Bundelkhand Beyond Khajuraho : architectural heritage of Bundelkhand
Bundelkhand Beyond Khajuraho : architectural heritage of Bundelkhand
Chasing the stunning architectural legacy of the Chandellas up and down the ancient land of Jejahuti in the Bundelkhand region of central India.
The guide was clearly having a good time. Pointing at a gorgeous sculpted panel on the wall of the Lakshmana Temple, featuring a host of sensuous maidens in languorous poses, he asked a gaggle of college kids from Bhopal, “Who can tell me which girl here looks like Pamela Anderson?” He was greeted with silence and some embarrassed sniggers. Then one girl timidly raised her hand. “That one?” she said, pointing at a surasundari admiring herself in a mirror. “She is correct!” announced the guide, looking triumphant. “These beautiful women were like Kareena and Katrina of their times. Supermodels!” he added, with a flourish.
Another guide claimed that ancient India had everything, including designer purses. The evidence was a pretty little niche sculpture which showed a woman handing over a piece of jewellery to her attendant who was carrying the said purse. “I was showing this to some Italian tourists the other day. They said it was a Givenchy!” I’d expected all this to be annoying, but faced with the unearthly brilliance of the Khajuraho temples, it was easier to be amused instead
Paroma and I had arrived that very day by the early morning train from Delhi and had driven away from Khajuraho towards the Ken River, some 15km away, there to be the guests of wildlife conservationists Dr Raghu Chundawat and Joanna Van Gruisen at their lavish forest resort, The Sarai at Toria. Joanna and I had been exchanging emails the past few days, trying to fix on an itinerary. I wasn’t in the neighbourhood for Panna Tiger Reserve, the usual destination for guests at the Sarai, and not even strictly for Khajuraho, but to explore the countryside for other rumoured Chandella-era ruins.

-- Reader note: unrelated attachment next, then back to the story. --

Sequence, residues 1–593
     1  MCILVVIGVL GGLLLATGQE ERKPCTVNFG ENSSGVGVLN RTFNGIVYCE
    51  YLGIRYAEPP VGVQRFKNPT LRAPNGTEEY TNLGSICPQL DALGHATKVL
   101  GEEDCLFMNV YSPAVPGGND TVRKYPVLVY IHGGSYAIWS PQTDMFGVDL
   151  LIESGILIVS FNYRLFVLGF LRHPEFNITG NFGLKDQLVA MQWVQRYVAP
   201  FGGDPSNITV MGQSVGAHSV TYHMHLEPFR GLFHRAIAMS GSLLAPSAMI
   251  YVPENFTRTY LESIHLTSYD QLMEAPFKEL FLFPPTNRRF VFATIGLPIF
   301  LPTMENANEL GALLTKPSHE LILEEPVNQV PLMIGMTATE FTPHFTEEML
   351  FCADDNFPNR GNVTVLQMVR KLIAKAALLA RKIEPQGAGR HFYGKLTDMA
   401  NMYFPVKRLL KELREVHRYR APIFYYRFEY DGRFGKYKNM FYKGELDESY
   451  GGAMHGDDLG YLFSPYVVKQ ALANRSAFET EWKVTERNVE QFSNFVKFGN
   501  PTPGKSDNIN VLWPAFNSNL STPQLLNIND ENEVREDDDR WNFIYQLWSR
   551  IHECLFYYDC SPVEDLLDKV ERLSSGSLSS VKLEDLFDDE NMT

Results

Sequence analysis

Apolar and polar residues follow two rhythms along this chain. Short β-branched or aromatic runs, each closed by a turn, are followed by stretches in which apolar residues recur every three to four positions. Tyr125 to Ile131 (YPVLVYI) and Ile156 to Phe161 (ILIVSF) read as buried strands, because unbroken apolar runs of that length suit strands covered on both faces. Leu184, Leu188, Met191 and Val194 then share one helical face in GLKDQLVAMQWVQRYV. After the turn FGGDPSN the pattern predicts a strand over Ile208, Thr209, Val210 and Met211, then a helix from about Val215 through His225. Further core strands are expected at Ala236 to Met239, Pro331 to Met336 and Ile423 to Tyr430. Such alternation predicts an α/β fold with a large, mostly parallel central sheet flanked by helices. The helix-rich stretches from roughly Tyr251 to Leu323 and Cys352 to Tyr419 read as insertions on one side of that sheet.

The Chandella kings of Khajuraho had been a powerful local clan of Gond tribal stock who had risen to prominence in the 9th century CE, like countless other royal families of that time, by inventing a convenient myth for themselves, claiming descent from the moon god. Elevated to the caste status of chandravamsiya kshatriyas, over the next century they rode the tide of military belligerence to become a major power in north-central India. Thereafter, they embarked on an ambitious building project across their kingdom, which resulted in Khajuraho’s sandstone wonders. The dynasty had imagined Khajuraho as their sacred centre, filling it up with temples, monasteries and lakes. But they didn’t stop there. What isn’t very well known is that these indefatigable builders had left behind many more signposts of their refined aesthetics in Bundelkhand, which was then known as Jejakabhukti, or more commonly, Jejahuti. Bisected by the Ken River, the Chandellas’ core territory consisted of Khajuraho and the capital Mahoba to the west; and the two imposing Vindhyan fortresses of Ajaigarh and Kalinjar to the east. All these sites still have excellent Chandella remains, and I wanted to see them.